Can I keep my child from my ex-partner to protect their health and safety?
This article highlights the conflict parents may feel when faced with the dilemma of whether to obey their parenting Court Order or listen the needs of their child, particularly in situations where the child expresses a desire not to go to the other parent or where the child wants to attend a social activity instead. What do you do if your child gets sick? Perhaps there are more serious concerns about threats, abuse or even family violence? Our family law team at Hutchinson Legal understand that this conflict is sometimes difficult for parents to navigate.
What constitutes a breach of a parenting court order?
If you withhold your child from the other parent contrary to Court Orders, you risk enforcement proceedings being filed by them for non-compliance. In such proceedings the other party would need to establish that you intentionally failed to comply with the Order, made no reasonable attempt to comply with the Order and have no "reasonable excuse for contravening" the Order, to be successful. If you were found to have breached the Court Orders, the Court may then order the following:
- You may be required to attend counselling;
- Lost time with the child may be granted to the respective parent;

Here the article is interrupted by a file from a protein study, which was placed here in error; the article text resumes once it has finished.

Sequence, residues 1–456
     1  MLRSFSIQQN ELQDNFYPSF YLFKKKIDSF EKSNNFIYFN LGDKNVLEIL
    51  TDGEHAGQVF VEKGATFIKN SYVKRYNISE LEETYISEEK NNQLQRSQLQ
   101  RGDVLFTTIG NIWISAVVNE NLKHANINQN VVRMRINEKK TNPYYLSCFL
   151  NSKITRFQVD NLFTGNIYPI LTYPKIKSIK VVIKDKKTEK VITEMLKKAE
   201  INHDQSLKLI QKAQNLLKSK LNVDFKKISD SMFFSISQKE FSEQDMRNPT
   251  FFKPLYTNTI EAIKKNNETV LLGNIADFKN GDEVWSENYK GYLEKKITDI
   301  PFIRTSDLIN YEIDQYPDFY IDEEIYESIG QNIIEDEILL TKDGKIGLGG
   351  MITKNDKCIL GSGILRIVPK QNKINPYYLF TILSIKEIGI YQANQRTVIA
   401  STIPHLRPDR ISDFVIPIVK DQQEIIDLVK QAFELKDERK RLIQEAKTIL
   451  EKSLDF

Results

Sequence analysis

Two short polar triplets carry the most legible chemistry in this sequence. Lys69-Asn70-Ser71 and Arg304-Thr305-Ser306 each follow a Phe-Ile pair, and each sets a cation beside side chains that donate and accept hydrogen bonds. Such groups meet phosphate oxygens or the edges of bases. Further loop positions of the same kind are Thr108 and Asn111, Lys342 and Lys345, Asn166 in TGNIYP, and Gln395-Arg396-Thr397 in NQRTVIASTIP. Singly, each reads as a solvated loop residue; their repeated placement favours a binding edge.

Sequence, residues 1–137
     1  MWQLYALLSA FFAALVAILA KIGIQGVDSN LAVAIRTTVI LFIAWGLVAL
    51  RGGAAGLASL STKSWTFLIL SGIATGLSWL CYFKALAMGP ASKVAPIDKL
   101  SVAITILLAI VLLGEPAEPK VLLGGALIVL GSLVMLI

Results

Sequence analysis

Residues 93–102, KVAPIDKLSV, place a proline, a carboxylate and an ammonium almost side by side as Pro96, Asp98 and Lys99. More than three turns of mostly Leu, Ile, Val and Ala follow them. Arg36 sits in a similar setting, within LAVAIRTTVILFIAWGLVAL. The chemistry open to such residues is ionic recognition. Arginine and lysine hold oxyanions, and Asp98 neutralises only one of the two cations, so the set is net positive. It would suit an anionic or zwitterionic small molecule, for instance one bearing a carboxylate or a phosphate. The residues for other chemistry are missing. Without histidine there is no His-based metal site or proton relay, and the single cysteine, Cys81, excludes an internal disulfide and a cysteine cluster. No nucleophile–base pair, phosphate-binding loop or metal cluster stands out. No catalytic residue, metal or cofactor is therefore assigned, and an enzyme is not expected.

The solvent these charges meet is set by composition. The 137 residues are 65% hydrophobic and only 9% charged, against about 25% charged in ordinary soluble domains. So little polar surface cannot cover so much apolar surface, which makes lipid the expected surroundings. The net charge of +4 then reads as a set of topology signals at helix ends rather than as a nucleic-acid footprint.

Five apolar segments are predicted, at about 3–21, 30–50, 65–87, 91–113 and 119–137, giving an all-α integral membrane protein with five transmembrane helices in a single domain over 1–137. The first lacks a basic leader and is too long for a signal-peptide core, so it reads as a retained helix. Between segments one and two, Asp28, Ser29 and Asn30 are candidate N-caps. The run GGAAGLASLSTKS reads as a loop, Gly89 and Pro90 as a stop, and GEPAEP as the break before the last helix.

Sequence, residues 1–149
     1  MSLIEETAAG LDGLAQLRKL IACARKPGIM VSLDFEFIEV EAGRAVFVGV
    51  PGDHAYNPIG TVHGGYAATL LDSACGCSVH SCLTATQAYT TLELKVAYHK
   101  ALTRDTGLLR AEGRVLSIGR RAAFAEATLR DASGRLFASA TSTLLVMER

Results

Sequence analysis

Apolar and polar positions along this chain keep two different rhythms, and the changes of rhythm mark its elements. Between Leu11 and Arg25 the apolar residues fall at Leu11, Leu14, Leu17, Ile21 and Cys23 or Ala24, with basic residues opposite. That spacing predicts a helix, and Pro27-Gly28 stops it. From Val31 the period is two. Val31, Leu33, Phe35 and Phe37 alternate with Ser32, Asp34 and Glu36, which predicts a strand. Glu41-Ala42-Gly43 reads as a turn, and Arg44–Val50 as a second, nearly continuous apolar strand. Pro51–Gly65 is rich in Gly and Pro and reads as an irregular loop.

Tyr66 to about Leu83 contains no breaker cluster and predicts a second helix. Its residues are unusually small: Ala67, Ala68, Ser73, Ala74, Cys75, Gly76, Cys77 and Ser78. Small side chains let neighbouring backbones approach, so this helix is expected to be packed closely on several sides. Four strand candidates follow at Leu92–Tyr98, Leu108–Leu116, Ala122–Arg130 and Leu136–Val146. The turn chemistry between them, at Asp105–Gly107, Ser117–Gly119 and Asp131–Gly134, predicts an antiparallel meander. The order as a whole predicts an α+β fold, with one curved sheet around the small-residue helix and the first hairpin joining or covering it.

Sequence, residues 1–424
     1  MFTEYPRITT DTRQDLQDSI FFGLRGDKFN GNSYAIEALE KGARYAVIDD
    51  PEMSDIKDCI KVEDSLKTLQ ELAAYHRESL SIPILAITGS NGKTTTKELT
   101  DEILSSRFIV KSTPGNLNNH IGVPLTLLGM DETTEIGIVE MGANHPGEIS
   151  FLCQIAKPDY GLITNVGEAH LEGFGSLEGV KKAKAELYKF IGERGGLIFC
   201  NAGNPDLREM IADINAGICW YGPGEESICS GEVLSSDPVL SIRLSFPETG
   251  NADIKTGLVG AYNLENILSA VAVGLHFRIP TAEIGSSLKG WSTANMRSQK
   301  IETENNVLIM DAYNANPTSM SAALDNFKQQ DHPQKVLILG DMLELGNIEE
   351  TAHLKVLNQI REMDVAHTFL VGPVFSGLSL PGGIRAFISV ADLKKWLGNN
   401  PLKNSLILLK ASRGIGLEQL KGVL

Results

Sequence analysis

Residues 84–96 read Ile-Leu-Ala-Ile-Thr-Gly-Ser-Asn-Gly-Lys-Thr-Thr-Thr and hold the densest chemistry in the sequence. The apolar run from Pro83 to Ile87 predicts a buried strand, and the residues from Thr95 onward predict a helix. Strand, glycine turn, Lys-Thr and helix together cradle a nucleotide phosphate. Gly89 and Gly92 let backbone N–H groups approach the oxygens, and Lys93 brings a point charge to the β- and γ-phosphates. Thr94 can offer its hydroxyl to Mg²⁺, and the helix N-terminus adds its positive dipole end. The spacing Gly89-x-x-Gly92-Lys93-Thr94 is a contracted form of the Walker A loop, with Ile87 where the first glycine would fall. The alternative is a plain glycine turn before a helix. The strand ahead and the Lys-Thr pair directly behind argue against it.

- A Community Service Order may be made; or
- Even imprisonment can be handed down for the most serious contraventions.
Further, if the contravention is established, you may also be ordered to pay the other party's legal costs.
What if there are legitimate concerns for the health and safety of my child?
If you believe on "reasonable grounds" that it is necessary that time or communication with the other parent be suspended "to protect the[ir] health and safety", you may have grounds to temporarily withhold the child. We have listed the following to assist you in determining whether to withhold a child:
- The mere fact that a child is sick does not in itself constitute a reasonable excuse;
- A contravention will need to be evidenced and proven on the balance of probabilities;
- All Orders are made subject to consideration of what is in the best interests of the child;
- The best interests of the child are determined objectively, not by your subjective opinion;
- The person who conducted the breach has the onus of proving that it was reasonable; and
- The refusal of a child to go to the other parent does not constitute a reasonable excuse.
We encourage you to obtain independent legal advice before deciding to breach a Court Order to understand your options and avoid unforeseen serious consequences. If you are looking for legal advice, why not call your Family Law team at Hutchinson Legal to have a chat.